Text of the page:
In Ghana, as in our other projects, our work began with finding the most efficient way to deliver safe drinking water. Our research visits revealed that women and children in this area were fetching water from a mud hole they shared with herds of cattle, who bathed, drank and defecated there.
Nearby in the South Volta Region, many young orphan boys live as slaves, tending cattle for local landowners. Known as “Cowboys”, these little boys as young as five sleep in the fields and survive on dirty water from the river and a single portion of porridge per day offered by their slave masters.
Our mission here has been distributing LifeStraws to the Cowboys. These are individual filters that offer at least a limited means of cleaning their water. Our goal was to raise awareness of the treatment of these boys on an international level and to move towards meeting the emergency need with hundreds more LifeStraw filters donated and distributed with the help of donations from women’s clubs across NJ.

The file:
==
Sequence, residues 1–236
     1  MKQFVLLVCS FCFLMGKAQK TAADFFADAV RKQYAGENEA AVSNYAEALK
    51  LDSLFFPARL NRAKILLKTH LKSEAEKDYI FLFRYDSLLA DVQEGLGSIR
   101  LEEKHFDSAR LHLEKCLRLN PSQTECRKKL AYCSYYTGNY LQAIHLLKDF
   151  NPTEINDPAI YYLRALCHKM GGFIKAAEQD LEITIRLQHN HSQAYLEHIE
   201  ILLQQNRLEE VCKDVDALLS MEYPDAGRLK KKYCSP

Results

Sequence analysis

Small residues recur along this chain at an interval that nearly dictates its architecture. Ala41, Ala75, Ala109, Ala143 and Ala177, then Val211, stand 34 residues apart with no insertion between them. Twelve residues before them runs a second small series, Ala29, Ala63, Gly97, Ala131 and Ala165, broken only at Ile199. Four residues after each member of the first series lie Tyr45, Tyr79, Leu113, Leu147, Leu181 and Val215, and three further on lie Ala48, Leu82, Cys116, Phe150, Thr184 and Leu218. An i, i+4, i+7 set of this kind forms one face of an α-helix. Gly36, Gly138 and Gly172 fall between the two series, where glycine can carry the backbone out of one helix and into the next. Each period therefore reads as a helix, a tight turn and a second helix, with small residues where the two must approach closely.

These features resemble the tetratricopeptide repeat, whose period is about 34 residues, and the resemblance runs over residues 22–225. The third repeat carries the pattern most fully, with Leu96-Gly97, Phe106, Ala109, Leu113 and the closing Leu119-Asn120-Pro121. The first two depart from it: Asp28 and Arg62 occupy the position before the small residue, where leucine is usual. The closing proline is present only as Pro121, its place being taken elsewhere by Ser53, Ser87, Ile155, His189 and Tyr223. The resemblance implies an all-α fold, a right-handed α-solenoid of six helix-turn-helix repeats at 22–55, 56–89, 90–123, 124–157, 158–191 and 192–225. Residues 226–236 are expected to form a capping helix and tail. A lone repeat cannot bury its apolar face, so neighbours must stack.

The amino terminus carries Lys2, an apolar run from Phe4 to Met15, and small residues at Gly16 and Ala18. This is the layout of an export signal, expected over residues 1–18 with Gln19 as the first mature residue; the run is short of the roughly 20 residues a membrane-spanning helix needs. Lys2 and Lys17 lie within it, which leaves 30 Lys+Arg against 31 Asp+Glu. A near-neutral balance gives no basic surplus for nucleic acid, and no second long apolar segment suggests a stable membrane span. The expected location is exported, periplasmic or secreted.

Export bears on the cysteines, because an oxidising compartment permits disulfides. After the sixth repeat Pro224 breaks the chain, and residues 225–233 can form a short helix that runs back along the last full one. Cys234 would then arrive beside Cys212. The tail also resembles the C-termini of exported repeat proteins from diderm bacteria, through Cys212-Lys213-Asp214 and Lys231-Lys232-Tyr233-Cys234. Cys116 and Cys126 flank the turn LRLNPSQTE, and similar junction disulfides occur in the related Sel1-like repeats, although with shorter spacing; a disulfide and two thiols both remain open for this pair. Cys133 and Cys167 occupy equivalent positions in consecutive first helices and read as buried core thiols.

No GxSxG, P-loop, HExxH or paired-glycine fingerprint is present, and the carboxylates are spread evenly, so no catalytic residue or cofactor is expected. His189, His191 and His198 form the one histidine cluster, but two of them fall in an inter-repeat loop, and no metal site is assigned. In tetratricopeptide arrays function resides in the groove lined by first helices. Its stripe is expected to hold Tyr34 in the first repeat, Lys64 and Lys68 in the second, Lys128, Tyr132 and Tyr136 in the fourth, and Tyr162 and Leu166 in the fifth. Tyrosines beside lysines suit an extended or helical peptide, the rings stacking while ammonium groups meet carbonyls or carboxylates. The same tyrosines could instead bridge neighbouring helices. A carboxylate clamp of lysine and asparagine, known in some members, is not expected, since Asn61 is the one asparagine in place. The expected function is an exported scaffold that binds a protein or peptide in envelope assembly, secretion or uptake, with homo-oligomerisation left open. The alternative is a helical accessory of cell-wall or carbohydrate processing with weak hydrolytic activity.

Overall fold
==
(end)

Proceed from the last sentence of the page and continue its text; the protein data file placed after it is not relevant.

Additionally, we have installed hand-dug wells and large rainwater catchments near schools to provide water to both the Cowboys and the surrounding communities.
While we do not yet have a Green Hub village in Ghana, we continue to provide those who are desperate with emergency solutions. Currently, we are working on a new hand-dug well in one of the most isolated communities.